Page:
Created, written and directed by Sigal Avin, who’s career has gravitated toward exploring female complexity and tackling issues such as sexual harassment, is releasing a new eight-part psychological and existential drama series “Losing Alice,” to be released on Apple TV+. amNewYork Metro spoke to one of the female leads, Ayelet Zurer, about the themes of the piece, and it’s interesting brand of feminism.
Zurer has had a long career in Israeli filmmaking, and is one of Israel’s most critically acclaimed actors. This series is subtitled but she has played English-speaking roles, most notably alongside Eric Bana in Steven Spielberg’s 2005 Oscar-nominated film “Munich.”
At 48 years old, Alice, once a trailblazing director, is suffering from crippling writer’s block, perhaps and perhaps not due to a drying of her imagination that has accompanied the increasingly dominant wife-and-mother aspect of her identity. At the beginning she seems content, yet distant, in the domestically settled identity she projects to the world—underlying which there is a conflicting desire for freedom.
A happenstance meeting with mysterious 24-year-old Sophie, who is an aspiring writer and the series’ femme fatale is an approximation of what Alice feels she used to be and sparks a gripping exploration between obsession, jealously, paranoia and the complexity of female relationships and destabilizing senses of self. It sparks a psychological state of counter-phobia, as researched by Zurer. A term that describes launching yourself into your fears, with the fears in question here being the tightrope between control and abandonment of an identity that had been fixed for a long time.
Notably Zurer wears no makeup during the film, while Sophie is glamorous in the traditional sense; beautiful styled or when answering the door in only an oversized tee shirt.
In a way this prompts many questions. First, would a male director typically choose to go this route and have his title character be bare-faced? Has Alice always been a “no muss, no fuss” woman, or does this highlight the tiresome notion that if women no longer spend hours perfecting the way they look—particularly after marriage and motherhood—they have “let themselves go.”
Sophie becomes a trigger and portal through which Alice is able to revisit her past self, her current self and what she wants from the future. In an early driving scene, Sophie flippantly asks Alice what it is like to be a working mother. Alice states that you can have both but balance is required. Crucially, she offers this answer half-heartedly, her expression is dead, you know she does not mean what she is saying but is giving a kind of canned answer.
When Sophie and Alice take a moonlit boat trip Sophie dives energetically and without hesitation into the water. When invited to take a swim, Alice refrains and tellingly remarks that “10 years ago, that would have been me.”
To begin with, Sophie is a positive force in Alice’s life. Alice is reinvigorated, shakes off that writer’s block and begins to direct a movie based on Sophie’s script. Alice’s relationship with her husband seems thoroughly stable to begin with, but when Alice casts him alongside Sophie in the film that involves a great deal of erotica, the viewer begins to wonder what is going on inside of Alice’s head. During a subsequent, heated argument, her husband remarks that Alice “got off on it [watching her husband portray having sex with another woman],” suggesting a boredom with her norms and a desire to expand herself emotionally and sexually, or to simply provoke a reaction.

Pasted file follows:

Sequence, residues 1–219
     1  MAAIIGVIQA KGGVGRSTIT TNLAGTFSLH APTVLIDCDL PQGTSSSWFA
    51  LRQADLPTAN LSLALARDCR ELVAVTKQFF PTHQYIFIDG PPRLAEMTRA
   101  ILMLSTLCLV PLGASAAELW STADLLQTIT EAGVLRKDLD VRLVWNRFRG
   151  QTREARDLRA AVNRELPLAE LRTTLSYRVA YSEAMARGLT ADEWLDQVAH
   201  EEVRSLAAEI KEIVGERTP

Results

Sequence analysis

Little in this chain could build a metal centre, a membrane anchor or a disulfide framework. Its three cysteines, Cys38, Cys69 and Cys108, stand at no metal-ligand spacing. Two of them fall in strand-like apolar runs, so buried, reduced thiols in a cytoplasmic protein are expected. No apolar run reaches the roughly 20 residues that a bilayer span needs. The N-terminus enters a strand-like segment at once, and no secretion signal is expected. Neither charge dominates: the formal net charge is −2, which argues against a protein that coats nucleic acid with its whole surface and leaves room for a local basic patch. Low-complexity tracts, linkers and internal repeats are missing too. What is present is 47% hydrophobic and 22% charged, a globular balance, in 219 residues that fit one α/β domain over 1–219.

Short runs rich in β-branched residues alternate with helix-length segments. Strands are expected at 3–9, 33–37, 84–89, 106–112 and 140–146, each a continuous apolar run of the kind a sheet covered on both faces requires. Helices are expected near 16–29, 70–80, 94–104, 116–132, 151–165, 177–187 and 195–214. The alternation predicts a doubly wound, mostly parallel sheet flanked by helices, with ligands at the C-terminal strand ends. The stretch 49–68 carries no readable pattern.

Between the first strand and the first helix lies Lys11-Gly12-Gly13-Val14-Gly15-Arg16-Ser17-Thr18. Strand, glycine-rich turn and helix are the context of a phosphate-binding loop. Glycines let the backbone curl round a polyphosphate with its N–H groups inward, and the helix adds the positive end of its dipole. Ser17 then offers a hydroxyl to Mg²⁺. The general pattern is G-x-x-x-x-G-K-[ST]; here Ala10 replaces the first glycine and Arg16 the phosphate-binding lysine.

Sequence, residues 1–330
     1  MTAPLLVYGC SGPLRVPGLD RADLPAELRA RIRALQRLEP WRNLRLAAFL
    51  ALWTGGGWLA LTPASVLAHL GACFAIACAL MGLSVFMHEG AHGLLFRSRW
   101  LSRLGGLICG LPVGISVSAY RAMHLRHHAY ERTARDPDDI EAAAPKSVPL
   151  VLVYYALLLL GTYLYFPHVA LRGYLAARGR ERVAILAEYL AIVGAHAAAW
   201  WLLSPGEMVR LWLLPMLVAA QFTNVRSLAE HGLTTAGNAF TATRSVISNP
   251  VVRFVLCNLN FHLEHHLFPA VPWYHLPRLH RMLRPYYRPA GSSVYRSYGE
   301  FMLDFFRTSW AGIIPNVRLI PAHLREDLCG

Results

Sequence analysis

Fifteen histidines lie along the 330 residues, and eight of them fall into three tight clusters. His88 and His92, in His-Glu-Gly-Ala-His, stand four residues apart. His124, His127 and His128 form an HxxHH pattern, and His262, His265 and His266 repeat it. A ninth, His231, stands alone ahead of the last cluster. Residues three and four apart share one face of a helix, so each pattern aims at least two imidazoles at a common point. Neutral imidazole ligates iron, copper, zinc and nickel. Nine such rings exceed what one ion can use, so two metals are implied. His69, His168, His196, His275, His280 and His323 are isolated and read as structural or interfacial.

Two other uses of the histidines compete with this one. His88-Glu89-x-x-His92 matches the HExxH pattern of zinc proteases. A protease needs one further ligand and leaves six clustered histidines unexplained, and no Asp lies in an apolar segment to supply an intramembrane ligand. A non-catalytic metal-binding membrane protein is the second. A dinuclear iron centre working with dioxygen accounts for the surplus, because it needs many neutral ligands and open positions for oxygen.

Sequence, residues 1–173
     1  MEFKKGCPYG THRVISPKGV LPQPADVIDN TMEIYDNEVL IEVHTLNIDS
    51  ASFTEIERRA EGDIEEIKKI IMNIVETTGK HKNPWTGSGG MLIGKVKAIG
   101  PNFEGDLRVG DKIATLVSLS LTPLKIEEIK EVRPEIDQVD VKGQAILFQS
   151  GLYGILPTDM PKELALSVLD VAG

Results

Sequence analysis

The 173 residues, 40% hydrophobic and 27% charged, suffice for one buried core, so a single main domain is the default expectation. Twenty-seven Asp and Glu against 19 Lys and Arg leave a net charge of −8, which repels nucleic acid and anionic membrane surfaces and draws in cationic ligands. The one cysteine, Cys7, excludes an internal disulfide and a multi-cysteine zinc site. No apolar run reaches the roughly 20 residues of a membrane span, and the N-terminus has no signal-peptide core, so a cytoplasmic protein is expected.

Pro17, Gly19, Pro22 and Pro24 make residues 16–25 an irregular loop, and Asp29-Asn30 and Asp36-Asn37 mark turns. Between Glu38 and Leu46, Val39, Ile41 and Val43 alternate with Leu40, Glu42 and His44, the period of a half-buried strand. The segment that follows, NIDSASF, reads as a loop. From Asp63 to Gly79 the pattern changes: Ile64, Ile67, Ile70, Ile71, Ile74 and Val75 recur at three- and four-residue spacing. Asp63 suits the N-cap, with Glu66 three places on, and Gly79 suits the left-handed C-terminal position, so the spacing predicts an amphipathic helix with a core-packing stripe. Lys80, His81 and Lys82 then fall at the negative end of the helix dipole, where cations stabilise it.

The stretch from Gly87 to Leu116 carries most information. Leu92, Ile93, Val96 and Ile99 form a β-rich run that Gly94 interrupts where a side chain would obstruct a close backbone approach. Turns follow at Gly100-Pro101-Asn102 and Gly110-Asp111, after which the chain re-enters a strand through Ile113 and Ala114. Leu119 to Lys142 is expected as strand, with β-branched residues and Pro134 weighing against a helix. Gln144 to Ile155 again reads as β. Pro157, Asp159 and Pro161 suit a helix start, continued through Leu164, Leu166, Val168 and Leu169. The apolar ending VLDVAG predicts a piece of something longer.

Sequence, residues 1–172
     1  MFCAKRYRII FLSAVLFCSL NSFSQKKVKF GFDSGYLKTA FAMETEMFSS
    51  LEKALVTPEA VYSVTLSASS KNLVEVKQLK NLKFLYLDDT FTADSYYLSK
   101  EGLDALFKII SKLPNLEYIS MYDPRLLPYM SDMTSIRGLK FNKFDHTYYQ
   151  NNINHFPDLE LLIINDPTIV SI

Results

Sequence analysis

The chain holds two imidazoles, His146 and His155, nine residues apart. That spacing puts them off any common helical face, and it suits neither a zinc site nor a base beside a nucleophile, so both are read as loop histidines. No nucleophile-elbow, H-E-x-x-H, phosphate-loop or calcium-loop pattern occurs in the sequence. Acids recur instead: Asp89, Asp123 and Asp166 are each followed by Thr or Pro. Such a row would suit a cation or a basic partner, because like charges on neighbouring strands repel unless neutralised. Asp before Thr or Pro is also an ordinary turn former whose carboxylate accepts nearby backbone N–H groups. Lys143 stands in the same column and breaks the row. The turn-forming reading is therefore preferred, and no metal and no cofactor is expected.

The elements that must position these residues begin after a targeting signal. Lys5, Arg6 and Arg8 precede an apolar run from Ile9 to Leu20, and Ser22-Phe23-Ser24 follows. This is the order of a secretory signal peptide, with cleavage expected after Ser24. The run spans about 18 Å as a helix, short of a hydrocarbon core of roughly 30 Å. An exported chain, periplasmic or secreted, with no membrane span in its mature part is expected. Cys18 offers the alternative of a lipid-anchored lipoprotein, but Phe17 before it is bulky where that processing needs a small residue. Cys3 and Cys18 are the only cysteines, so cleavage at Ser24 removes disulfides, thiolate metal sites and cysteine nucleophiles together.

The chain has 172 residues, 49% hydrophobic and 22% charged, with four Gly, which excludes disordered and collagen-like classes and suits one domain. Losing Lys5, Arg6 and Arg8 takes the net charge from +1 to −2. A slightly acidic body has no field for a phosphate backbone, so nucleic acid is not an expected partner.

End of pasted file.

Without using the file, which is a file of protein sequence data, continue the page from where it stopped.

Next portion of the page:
Indeed, when asked how she prepared for the role, Zurer did mention watching indie female porn, mostly made that made by Erika Lust.
It is these thought-provoking questions that make Alice’s journey so interesting: did she subconsciously want to disrupt or even end her marriage by making this casting choice?
What becomes a mentoring and sincere bond between the two women does not last. And Alice’s distrust of Sophie steadily grows.
The story is told from Alice’s perspective. We get to know Sophie, and she is a well-rounded character, but we do not know her in the sense of what truly drives her interiorly. This is an extremely intelligent format for Avin to use in creating the cinematic tension that pervades the series. The series becomes speculative and Alice and her journey are really the psychological focus and observed metamorphosis of the piece.
There is doubtlessly a Sophie to know in-depth, but, following film-noir tropes, a great deal remains ambiguous. Perhaps the point is that because Sophie is the young, glamorous counter-point to Alice we trust her less, she is nefarious, she is to blame, when this interpretation is really a revealing projection of the viewer. After all, can’t Sophie be adventurous and carefree without any malevolent agenda? This is a feat of complex realism and social commentary by Avin.
Amazingly, “Losing Alice” is Zurer’s first experience working with a female director, Sigal Avin, who also wrote and directed the series and whose filmography tackles a lot of feminist issues, such as sexual harassment.
Zurer describes with fondness techniques used by Avin to shake-up the atmosphere on set, such as by playing diverse music genres to cast and crew who were 50/50 male and female in composition. The key difference that Zurer felt while working with a female versus male director was that she felt “seen.”
Avin’s style is intricate, subtle and makes excellent use of the flashback and flash-forward film-noir practice, It redefines the notion of a female heroine and the ending, without giving anything away, suggests that the search for a stable identity is perpetual, and always capable of being disturbed by chance.
Make your own interpretations of “Losing Alice” when it premieres on Apple TV + on Jan. 22